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Naive question - permits North of Yosemite?

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  • Wilderness
    OK, I liked the JMT so much that I want to hike the next section of the PCT, North from Tuolumne. My naive question for the day is - what permits are needed
    Message 1 of 7 , Dec 24, 2011
      OK, I liked the JMT so much that I want to hike the next section of the PCT, North from Tuolumne. My naive question for the day is - what permits are needed for this section (from Tuolumne, and about 200 miles to the North)? What are your suggestions regarding trip preparation (e.g., caches, resupply, water/insect issues, best time to hike, bear container considerations, etc.)?
      Thanks, and Happy Solstice to All, Rob of the WV

      commercial-free, yet now on facebook as:

      http://www.facebook.com/WildernessVagabond
    • Kim Fishburn
      I ve done the Tahoe Yosemite trail which follows the PCT for part of the route. I did vary from the route at Sonora Pass. The TYT is suppose to follow the road
      Message 2 of 7 , Dec 24, 2011
        I've done the Tahoe Yosemite trail which follows the PCT for part of the route. I did vary from the route at Sonora Pass. The TYT is suppose to follow the road about 10 miles to Kennedy Meadows. Instead I hiked the half mile up to the pass and took the PCT south. Its now one of my favorites. Kennedy Meadows resort supposedly still accepts packages for hikers but it no longer says anything on their website.  http://www.kennedymeadows.com/  Lake Alpine Resort on highway 4 has also accepted packages in the past but I'd contact them to check out. There is plenty of traffic on Highway 4 so you should be able to hitchhike there.  http://www.lakealpineresort.com/index.html  Just north of Highway 50 is Echo Lakes which has a small store and a post office. They don't have much space and when I talked to them they asked that you not send any big packages. Its been quite a while since I was there so I don't know if anything has changed. Except for Yosemite bears haven't been much of a problem. The east to west section of the PCT in northern Yosemite is considered by some to be one of the tougher sections of the PCT but I do like it. For example, the section from Benson Lake to Seavy Pass is steeper than others, and no shade.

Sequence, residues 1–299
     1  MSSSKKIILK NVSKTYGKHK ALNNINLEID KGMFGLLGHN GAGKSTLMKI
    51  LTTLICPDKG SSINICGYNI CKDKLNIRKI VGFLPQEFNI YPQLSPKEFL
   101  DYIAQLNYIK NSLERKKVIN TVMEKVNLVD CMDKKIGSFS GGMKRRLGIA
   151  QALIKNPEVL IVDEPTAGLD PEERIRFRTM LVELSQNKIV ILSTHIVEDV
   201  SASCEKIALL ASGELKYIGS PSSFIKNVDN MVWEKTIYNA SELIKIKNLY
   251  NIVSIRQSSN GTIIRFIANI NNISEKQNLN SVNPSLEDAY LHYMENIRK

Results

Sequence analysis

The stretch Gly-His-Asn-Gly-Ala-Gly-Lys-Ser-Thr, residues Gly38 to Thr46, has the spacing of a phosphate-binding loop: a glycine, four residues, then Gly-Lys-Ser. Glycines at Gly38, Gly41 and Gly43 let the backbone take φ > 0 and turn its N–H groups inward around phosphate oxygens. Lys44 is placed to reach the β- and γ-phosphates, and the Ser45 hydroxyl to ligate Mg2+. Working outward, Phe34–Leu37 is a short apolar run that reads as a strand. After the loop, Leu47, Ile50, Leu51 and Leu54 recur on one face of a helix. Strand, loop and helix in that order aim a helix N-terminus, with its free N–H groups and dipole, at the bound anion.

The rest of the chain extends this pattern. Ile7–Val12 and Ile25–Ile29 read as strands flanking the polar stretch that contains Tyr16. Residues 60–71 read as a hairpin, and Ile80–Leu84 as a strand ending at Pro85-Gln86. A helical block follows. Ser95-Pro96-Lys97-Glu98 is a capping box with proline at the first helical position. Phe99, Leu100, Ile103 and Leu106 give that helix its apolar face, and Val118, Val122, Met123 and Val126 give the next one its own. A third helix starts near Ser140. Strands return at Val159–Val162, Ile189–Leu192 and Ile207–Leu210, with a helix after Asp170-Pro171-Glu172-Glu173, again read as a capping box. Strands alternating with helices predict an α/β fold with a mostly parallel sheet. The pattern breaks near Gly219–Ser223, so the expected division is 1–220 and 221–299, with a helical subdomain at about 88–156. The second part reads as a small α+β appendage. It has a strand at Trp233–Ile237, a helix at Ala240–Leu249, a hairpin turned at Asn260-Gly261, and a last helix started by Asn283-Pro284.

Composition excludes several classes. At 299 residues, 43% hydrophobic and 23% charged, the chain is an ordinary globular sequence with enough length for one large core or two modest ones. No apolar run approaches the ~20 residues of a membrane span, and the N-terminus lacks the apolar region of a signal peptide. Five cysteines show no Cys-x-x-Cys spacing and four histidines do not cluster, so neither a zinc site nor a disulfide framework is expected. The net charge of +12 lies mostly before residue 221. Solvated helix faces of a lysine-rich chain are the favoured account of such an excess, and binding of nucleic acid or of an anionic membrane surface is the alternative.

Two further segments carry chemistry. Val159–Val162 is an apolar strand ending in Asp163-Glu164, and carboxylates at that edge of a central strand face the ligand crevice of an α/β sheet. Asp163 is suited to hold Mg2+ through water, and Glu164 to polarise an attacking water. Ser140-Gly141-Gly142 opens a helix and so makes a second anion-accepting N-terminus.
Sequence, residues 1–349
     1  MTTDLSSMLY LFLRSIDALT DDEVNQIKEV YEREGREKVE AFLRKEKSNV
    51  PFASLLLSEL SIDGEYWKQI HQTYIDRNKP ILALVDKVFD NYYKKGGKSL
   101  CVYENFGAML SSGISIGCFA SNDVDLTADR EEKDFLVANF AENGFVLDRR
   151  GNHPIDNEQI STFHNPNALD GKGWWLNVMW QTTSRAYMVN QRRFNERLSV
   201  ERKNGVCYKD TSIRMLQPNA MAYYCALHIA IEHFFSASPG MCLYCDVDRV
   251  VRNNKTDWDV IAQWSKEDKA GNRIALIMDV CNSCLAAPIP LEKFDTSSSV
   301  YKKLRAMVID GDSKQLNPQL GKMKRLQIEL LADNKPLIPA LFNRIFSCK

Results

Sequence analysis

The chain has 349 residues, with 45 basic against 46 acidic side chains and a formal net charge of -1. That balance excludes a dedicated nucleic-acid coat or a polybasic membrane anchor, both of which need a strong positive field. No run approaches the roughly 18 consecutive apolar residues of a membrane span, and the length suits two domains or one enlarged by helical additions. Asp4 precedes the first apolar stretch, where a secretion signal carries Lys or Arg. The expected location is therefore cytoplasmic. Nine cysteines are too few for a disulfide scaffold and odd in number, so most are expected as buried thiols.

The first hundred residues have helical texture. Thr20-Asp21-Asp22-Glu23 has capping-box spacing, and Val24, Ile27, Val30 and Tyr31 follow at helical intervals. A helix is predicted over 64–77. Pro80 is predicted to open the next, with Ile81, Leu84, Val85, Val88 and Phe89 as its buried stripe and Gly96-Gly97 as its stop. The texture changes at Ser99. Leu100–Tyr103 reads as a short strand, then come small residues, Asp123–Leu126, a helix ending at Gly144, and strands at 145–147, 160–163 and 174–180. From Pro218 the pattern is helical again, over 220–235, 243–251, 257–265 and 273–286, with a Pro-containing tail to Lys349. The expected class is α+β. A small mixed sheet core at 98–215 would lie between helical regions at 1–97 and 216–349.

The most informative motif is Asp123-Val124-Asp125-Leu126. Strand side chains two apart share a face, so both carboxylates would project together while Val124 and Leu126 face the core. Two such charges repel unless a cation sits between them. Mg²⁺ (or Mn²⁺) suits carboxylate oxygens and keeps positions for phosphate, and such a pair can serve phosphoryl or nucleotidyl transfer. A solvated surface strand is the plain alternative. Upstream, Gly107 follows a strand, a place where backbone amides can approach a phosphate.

I've had some great experiences in the north of Yosemite. I camped next to a fallen log at Benson Lake and shortly after I fell asleep something woke me with what sounded like a human screaming. I didn't near it again so I went back to sleep. Every time I woke I heard this screeching noise in the woods. I'm pretty sure it was a Screech Owl, and the first time it was probably sitting on the roots of the fallen tree I was sleeping next to. I've seen a bobcat in Spiller Canyon, and that is also what probably screamed near my tent in Cold Canyon. 

        Kim


        From: Wilderness <wildvagabond@...>
        To: johnmuirtrail@yahoogroups.com
        Sent: Saturday, December 24, 2011 10:27 AM
        Subject: [John Muir Trail] Naive question - permits North of Yosemite?

         
        OK, I liked the JMT so much that I want to hike the next section of the PCT, North from Tuolumne. My naive question for the day is - what permits are needed for this section (from Tuolumne, and about 200 miles to the North)? What are your suggestions regarding trip preparation (e.g., caches, resupply, water/insect issues, best time to hike, bear container considerations, etc.)?
        Thanks, and Happy Solstice to All, Rob of the WV

        commercial-free, yet now on facebook as:

        http://www.facebook.com/WildernessVagabond



      • John Ladd
        Rob -- I ve hiked the first 75 or so miles of your route (Tuolumne to Sonora Pass) and various parts of the next 125. Lots of quite nice country that I think
        Message 3 of 7 , Dec 24, 2011
          Rob --

          I've hiked the first 75 or so miles of your route (Tuolumne to Sonora Pass) and various parts of the next 125.  Lots of quite nice country that I think you will like. One long dry stretch just short of I-80 (North Lake Tahoe).

          Entry permit would be from Yosemite NP.  I don't know if that one permit would then be sufficient for the rest of the trip.  Biggest problem (if the Yosemite permit is not honored throughout) will be Desolation Wilderness, an extremely popular area.  I suggest you give a call to the